top of page

How to Properly Handle A URL Restructure to Maintain Organic Traffic

If you change the URL structure (i.e. of a specific page type on your website, by removing a redundant folder from the URL), or any other reason, and you want to:

  1. Maintain user experience, page-load-timewise

  2. Maintain organic traffic, revenue, and rankings

  3. Ensure fast crawlability and indexation of the new URLs by search engines

Than follow these 9 steps:

1. 301 redirect the to the new URL structure

Goes without saying.

2. Change internal links across the site

Navigation, text, widgets, footer… all of it.

Why overloading G-bot with redundant 301s, and potentially damage page load time & crawl budget, right?

3. Change backlinks to your site pointing to those pages

By reaching webmasters and ask them to manually change the link.

Not always doable but do your best, and priorities by highest traffic pages & backlinks’ strength.

4. Update your sitemap.xml file

To ensure new URLs are there, and the old ones are not.

5. Resubmit sitemap XML in GSC

To make it easy for Googlebot to find the new URLs.

If you have an html sitemap, make sure to update as well.

6. Check for potential redirect chains

Might happen due to previous existing redirects.

Pay special attention to potential issues around http-https, might be a legacy thing you didn’t even know about.

7. Monitor your log files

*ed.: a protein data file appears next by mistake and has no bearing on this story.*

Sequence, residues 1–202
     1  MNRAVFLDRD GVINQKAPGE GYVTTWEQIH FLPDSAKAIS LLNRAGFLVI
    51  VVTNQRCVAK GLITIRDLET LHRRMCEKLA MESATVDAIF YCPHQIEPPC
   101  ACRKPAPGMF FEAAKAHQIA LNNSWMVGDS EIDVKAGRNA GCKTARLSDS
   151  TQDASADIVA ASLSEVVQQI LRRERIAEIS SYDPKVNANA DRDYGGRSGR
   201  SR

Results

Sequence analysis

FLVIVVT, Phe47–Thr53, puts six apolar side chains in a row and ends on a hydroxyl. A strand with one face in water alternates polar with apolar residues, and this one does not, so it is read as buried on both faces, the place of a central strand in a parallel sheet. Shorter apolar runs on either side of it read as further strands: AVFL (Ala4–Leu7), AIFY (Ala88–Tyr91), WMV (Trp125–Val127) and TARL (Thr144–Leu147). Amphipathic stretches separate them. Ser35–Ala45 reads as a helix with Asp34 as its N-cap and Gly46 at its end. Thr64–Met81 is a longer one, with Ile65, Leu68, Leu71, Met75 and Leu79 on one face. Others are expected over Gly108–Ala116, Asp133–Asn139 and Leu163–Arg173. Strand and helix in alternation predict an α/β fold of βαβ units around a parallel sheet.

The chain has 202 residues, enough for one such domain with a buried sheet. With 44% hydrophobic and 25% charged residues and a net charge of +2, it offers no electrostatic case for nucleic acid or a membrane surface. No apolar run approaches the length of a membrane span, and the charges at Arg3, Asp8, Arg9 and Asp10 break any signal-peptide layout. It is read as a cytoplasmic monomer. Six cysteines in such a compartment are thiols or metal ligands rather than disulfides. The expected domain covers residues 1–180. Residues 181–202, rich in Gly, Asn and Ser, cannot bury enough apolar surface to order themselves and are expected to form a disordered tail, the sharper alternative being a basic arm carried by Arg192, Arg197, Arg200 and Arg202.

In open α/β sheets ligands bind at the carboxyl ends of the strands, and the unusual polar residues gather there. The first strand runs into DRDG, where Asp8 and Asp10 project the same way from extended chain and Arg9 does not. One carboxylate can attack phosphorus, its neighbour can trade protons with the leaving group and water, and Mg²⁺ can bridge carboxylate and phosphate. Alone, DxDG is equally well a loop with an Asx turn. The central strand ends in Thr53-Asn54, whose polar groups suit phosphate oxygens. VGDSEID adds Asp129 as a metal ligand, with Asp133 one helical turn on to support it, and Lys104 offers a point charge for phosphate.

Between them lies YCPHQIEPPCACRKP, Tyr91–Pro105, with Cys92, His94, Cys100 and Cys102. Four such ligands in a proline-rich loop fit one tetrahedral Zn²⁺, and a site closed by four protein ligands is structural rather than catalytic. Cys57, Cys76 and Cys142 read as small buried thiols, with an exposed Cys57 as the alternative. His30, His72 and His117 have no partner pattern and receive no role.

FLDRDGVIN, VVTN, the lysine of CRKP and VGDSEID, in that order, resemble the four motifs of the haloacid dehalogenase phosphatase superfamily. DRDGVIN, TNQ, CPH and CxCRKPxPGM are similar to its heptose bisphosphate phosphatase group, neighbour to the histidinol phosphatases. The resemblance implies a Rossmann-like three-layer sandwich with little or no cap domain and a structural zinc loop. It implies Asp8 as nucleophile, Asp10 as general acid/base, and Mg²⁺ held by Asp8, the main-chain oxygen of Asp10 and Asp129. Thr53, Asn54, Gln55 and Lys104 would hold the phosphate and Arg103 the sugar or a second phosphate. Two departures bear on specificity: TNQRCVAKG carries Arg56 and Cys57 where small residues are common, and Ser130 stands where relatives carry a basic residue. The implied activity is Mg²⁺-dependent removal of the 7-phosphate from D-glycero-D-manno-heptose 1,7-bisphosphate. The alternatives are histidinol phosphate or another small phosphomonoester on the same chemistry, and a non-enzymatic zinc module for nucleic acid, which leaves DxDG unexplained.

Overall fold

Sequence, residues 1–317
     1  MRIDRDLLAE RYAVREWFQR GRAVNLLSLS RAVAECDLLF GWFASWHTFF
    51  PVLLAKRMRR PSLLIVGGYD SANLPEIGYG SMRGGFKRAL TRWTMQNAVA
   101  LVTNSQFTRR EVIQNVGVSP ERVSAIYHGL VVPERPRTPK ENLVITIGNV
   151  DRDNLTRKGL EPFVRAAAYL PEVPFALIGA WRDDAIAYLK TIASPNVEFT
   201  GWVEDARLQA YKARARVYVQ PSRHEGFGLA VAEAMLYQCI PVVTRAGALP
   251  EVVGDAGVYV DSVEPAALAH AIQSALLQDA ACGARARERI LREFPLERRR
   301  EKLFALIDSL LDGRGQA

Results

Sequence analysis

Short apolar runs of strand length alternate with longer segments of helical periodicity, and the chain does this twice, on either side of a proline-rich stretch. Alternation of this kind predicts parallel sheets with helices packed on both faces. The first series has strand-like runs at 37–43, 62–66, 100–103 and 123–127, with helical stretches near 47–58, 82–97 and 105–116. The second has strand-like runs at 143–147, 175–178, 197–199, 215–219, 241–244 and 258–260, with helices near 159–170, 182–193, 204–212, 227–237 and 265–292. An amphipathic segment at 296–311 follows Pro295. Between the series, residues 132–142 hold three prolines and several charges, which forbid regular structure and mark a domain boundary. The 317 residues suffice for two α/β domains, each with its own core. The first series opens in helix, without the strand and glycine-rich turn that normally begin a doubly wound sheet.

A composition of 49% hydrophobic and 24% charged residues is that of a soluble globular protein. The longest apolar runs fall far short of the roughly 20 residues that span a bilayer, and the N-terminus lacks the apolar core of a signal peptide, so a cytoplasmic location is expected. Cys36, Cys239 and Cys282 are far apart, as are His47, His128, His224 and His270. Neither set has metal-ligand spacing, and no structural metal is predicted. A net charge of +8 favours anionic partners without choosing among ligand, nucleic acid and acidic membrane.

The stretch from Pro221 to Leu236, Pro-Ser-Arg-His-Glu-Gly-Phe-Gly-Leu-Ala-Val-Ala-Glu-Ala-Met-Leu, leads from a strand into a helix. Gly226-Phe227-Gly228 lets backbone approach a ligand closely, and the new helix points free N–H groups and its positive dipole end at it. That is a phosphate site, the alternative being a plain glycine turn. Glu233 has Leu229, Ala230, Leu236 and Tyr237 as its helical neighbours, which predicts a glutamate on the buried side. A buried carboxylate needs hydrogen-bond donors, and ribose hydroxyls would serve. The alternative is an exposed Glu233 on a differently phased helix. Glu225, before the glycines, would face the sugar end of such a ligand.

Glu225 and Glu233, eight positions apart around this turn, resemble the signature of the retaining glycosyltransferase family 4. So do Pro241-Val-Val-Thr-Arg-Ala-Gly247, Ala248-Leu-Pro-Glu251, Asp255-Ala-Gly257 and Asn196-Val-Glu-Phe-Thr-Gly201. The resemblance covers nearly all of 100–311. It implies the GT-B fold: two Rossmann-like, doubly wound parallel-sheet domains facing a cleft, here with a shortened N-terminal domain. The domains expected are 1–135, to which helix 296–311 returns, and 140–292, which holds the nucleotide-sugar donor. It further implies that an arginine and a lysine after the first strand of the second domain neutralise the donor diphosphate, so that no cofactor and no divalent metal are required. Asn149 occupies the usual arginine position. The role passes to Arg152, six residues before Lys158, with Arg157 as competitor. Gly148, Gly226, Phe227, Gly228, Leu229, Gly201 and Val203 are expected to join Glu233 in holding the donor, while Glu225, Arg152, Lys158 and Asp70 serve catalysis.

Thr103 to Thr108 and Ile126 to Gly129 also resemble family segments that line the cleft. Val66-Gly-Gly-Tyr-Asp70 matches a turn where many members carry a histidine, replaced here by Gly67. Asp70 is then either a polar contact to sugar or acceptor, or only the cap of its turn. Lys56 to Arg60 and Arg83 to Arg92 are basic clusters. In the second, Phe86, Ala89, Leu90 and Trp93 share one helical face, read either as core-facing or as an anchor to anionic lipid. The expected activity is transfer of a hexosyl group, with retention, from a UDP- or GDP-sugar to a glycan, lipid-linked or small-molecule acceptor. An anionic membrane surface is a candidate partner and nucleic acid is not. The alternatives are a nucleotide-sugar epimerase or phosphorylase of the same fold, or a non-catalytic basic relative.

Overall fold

• To learn when G first crawled the new URLs (200ok) and old ones (301)

  • To spot any potential issues around 404s, 500s

  • To track daily average hit rate per page

  • To track mobile vs desktop etc.

  • To check for potential cannibalization issues

8. Check for potential cannibalization issues

Google might be confused for a while, with regards to what is the right page to rank for a keyword.

You might experience those kind of keyword shifts from the ‘old’ URL to another page in the site (that also relates to it by topic, somehow), until G will get it, and rank the ‘new’ URL as intended.

9. Nevertheless, be aware of the following:

Even with 301 in place, you should expect a certain drop, as not all the ‘SEO power’ (AKA link juice; hate this word lol) will be preserved, due to potential backlink lost, new broken links, or just until Google will figure out the new structure and crawl the pages.

How much time it might take to recover?

No idea TBH, depends how big is your site and how well your implementation goes, as well as many other factors.

Google might even re-crawl the entire website in case you have a big number of pages you’re redirecting (in the big tens of thousands I assume).

In this case might even take few months, so my suggestion will be to break it to smaller chunks of redirects and spread over few weeks. This will allow search engine to easily digest the changes and might prevent a whole re-crawl of the website.

For smaller sites, redirecting few hundreds or thousands of pages, it might take between few days to few weeks, at least based on my experience.

Happy to hear your thoughts :)


bottom of page